Monday night’s House of Commons rebellion over Huawei was on a surprisingly serious scale for a new government with a big mandate. The problem for the UK government is not just the actual danger of our security being breached by Huawei, real though that is. It is also strategic. The government is not treating the subject this way, but sees it as merely a matter for the Department for Digital, Culture, Media and Sport. This is a bad mistake. We have achieved Brexit. We are making our own way in the world. Our closest allies in terms of trust, language, cultural links, democratic values and shared interests are our four partner nations in the ‘Five Eyes’ deep intelligence partnership — the United States, Canada, Australia and New Zealand. Yet we are refusing this logic, weakening trust with these allies, and making ourselves dependent on a country, China, which is not far short of being our enemy and which pays significant numbers of our elites to advance aims which, though commercial, are inseparable from its politics. Obviously the arrival of the coronavirus is a complete coincidence, but it is a metaphor for the vulnerability of our position.

There cannot be many positive aspects to the coronavirus outbreak, but I wonder if it carries one for stock markets. We had been told repeatedly, before all this, that the markets badly needed a ‘correction’ after their uniquely long bull run. If they were now sliding because of a banking or commercial event, confidence might collapse. If, however, they are falling because of a disease, will it also mean that confidence will recover more quickly once the disease is contained?

At the end of last week, the leader of the Chinese Communist party in the affected city of Wuhan announced at a press conference that Chinese people should ‘learn to say “thank you” to the party’. I gather from Chinese sources that this gentleman’s demand immediately produced universal ridicule on his country’s social media. People complained that they had lost relatives unnecessarily, that other diseases (including, for example, urgent breast cancer) had not been treated, and that key information had been withheld in the crucial early weeks when the virus was spreading. These complaints came not only from Wuhan, but from everywhere. Because of the nature of the disease, there are no protests in the street. This makes the internet an even more important forum than usual for people expressing their disgust. So great was the chorus of execration that the authorities deleted the Wuhan leader’s words online.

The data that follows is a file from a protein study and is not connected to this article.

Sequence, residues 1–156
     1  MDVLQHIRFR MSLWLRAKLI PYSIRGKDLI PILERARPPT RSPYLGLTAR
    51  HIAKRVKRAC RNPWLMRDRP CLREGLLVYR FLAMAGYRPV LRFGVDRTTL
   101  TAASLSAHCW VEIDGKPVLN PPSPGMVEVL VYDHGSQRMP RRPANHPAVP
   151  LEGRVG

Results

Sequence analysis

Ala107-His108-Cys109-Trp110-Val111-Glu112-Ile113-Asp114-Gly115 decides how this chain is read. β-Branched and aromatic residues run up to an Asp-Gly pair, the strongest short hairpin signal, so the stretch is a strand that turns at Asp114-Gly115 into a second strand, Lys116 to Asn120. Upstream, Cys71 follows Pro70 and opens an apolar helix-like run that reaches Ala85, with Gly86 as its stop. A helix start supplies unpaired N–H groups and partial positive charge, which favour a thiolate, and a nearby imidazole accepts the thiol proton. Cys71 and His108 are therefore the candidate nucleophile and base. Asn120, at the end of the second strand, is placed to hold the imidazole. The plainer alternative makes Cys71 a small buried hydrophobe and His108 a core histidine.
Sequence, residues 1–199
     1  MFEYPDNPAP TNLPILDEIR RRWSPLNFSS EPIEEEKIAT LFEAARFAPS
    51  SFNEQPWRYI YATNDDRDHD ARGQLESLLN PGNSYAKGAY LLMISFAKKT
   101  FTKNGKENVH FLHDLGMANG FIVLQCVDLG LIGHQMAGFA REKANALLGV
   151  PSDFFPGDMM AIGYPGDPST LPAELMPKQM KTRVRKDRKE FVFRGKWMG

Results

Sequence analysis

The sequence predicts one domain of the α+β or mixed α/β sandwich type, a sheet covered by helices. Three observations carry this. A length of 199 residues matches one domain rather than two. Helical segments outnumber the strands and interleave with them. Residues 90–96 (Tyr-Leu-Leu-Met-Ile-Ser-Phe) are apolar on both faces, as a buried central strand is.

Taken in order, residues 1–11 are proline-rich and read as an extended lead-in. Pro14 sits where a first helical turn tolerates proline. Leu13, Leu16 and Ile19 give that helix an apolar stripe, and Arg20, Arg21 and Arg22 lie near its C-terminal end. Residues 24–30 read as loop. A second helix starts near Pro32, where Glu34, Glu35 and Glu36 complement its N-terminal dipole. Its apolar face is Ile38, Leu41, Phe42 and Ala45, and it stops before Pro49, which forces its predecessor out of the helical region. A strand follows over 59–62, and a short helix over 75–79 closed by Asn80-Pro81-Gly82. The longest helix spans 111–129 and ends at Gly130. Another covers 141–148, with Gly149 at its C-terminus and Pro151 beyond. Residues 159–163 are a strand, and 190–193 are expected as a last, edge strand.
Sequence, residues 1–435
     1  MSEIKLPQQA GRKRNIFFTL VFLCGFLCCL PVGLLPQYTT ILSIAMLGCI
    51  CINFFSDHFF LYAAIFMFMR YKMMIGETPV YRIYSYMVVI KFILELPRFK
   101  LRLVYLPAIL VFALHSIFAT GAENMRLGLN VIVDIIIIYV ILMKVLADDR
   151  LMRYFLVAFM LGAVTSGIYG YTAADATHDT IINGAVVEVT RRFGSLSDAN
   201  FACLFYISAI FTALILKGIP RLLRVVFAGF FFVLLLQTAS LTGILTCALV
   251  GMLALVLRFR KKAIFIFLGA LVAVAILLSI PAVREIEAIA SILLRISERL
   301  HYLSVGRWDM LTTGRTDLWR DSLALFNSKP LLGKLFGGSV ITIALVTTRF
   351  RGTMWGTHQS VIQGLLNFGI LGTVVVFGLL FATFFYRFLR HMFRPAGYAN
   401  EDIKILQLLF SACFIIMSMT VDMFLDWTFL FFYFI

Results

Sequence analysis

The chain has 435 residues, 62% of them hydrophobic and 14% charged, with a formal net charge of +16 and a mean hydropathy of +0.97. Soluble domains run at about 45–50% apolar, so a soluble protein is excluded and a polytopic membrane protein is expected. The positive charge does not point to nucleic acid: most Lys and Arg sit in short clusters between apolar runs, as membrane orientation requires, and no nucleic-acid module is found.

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A particular theme of discontent is ‘13 days’. This was the time in January between when, according to Chinese official media, President Xi Jinping first became aware of the nature of the virus, and when, on January 20, the fact of human-to-human transmission of the virus was publicly admitted. What did he do — or fail to do — in between? If he had admitted that he had done very little, my sources suggest that the situation would have been like the latter days of the Soviet Union, when people simply gave up believing what the authorities told them. It is otherwise in neighboring Taiwan which, at the time of writing, has had a mere 48 cases, although only 81 miles from China and taking in 2.71 million visits from China last year. The WHO first announced the Wuhan outbreak of pneumonia on December 31. By January, 5 thanks to its Big Data analytics, Taiwan was able to identify on entry all those who had traveled to Wuhan in the previous 14 days and had a fever. It then screened them for 26 viruses, and quarantined them where necessary. It has a pre-existing National Health Command Center and a Central Epidemic Command Center. Thanks to the former, 44 million surgical masks (for a population of 23 million) were available by January 20, as were 1.9 million of the higher-grade N95 masks.

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